The persistent increase in the rate of juvenile crimes in Nigeria and the abysmal failure by the diverse religious institutes to curb this problem have constituted a serious barrier to the country’s economic development since many young ones who epitomizes the nation’s future are enmeshed in moral decadence. Although the subject of juvenile delinquency is an age long problem, it seems that the juvenile delinquency of the past cannot be evaluated with that of the present era in Nigeria. The situation must however be understood against the backdrop of the flaws in fostering a genuine ethical cum religious teachings on the young ones by the diverse religious institutions that scattered across the country. The challenges of juvenile delinquency in Nigeria cannot be effectively discussed without highlighting the probable social costs of this endemic disease to Nigerian nation. Most uncurbed delinquencies has in recent times developed into violent crimes which the evidence is manifested in the activities of bombing by the boko haram sect and other violent groups in Nigeria. A nation with high religious profile and proliferation of churches and mosques ought to produce less delinquent children consequent upon the fact that religion encompasses sound religious indoctrination and ethical teachings which enthrones moral uprightness in the young ones. However, the most bothering questions that this research wants to solve are as follows; Why must there still be high rate of juvenile delinquency amidst many religious institutions in Nigeria? Why is the role of ethics in dealing with this delinquency problem being relegated? Can religion and ethical principles provide a possible solution to ameliorate this juvenile delinquency? What actually is the subject of juvenile crime and what popular theories including modernization surround it? When these question are not attended carefully, delinquent of today would certainly become the criminal of tomorrow. The aim of this research is to provide a lasting solution to the challenges of juvenile delinquency in Nigeria especially when the country is religiously increasing day by day and to draw back the attention of different religion in Nigeria on their places of loop holes. Qualitative research methodology which aims to gather an in-depth understanding of the concept and reasons that governs such idea was used in this work. It produces information through exploration only on the particular cases studied.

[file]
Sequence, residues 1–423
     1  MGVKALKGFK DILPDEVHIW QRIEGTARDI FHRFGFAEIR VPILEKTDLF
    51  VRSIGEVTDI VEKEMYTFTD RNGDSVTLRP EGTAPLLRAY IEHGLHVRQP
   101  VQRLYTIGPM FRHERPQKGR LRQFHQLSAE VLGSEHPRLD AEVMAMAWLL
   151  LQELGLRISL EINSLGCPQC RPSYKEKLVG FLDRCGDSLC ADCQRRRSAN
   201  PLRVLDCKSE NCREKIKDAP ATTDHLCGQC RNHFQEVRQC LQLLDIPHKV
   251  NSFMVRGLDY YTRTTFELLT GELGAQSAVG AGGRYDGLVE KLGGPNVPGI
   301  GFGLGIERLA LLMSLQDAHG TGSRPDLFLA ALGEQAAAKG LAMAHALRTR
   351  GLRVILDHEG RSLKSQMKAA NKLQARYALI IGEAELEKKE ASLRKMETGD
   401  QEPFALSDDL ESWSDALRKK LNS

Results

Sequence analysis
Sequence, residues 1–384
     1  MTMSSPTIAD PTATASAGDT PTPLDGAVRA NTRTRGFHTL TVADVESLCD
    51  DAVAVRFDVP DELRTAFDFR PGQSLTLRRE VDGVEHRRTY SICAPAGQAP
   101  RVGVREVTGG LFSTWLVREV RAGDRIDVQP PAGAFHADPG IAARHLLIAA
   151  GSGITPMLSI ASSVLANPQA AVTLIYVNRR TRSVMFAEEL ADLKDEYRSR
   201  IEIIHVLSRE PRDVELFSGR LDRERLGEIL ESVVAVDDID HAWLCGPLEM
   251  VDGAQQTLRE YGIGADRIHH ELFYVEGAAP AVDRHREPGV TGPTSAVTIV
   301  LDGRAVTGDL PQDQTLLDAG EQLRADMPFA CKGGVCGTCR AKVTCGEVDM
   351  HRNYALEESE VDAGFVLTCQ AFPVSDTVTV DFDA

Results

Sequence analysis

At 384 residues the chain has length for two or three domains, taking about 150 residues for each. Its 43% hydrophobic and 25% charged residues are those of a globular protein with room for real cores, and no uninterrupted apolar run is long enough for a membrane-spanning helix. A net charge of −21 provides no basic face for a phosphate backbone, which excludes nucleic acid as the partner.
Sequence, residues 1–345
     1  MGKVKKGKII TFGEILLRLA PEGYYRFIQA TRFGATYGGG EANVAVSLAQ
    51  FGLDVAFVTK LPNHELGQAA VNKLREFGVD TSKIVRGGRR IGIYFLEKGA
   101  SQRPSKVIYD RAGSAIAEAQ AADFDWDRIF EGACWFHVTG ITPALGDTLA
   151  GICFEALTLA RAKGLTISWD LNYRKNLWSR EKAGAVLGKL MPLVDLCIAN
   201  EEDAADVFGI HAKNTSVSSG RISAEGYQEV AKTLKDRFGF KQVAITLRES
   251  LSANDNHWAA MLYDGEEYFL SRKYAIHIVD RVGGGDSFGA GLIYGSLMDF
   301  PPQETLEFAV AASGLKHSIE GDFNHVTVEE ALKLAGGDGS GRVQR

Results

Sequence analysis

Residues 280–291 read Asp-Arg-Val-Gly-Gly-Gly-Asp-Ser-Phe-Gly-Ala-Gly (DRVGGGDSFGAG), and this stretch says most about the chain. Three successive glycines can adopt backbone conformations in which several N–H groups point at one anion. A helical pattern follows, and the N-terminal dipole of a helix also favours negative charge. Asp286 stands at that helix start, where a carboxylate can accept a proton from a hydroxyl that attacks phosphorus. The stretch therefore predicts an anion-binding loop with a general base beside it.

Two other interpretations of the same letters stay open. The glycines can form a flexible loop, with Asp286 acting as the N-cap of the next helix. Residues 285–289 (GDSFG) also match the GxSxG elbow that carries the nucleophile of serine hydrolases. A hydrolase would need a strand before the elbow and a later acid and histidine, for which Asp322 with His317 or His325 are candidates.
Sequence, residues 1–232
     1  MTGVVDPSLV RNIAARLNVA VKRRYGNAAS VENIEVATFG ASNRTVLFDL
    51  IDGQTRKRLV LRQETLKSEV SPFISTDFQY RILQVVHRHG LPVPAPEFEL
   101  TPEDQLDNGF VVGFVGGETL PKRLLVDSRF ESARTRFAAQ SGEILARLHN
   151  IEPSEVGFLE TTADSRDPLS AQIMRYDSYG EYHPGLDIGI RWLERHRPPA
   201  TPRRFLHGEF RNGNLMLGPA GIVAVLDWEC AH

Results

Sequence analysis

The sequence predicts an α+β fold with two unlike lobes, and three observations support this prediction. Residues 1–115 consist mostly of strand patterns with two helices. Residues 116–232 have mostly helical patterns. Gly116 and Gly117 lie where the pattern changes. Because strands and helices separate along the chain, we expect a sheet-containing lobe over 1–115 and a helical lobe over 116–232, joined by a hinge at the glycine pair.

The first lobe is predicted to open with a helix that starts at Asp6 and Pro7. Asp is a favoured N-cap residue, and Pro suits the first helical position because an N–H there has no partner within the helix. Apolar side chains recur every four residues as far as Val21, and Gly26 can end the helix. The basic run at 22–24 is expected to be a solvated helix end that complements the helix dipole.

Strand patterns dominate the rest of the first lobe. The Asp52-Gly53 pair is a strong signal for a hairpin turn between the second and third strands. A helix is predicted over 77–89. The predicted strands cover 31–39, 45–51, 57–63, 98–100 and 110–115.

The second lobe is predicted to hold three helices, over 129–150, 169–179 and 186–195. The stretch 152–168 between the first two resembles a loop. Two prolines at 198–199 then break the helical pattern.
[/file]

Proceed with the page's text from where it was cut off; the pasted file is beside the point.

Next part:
Published: 04/12/2014

Size: 235.00KB


By Chukwuma, Onyekachi Gift

One of the problems confronting the Nigerian society is its high level of poverty which is evident in both rural and urban areas. Among other things, this study makes bare the causes and effects of poverty among Nigerians. However, the aim of the work is to examine how poverty could be reduced among Nigerians as this problem alarms various governmental and non-governmental organizations such that various poverty alleviation programs have been introduced both in the time past and at present. In this work, the reflections for the reduction of poverty in Nigeria would be done in the light of Deuteronomy 15: 7-18 which among other things highlights the right attitude which should be maintained towards the poor. Understandably, this study employs the rhetoric analysis methodology which is mainly used to study biblical passages that correspond with the form of sayings or statements. Therefore, this methodology is considered most appropriate for this work because the pericope under study contains numerous sayings. Findings from this work indicate that poverty can be reduced among Nigerians if the principles implied by the statements in Deuteronomy 15: 7-18 were followed by Nigerians.

Published: 04/05/2014

Size: 334.50KB

An Exegesis of Paul’s Concept of Salvation (SOTERIOLOGY) in Romans.

By Osuagwu, Godwin Goodluck Amah

Salvation (Soteriology) has come under severe attack on it's rightful concept and application from various schools of thought. There are numerous interpretations and application of the term saIvation. Most people apply it mainly on the dealing of one's sin, acceptance of the grace of forgiveness and peace with God. While other schools of thought view salvation not only in its narrow scope but from its wider scene embracing the outward aspect of salvation and the cosmic salvation of all.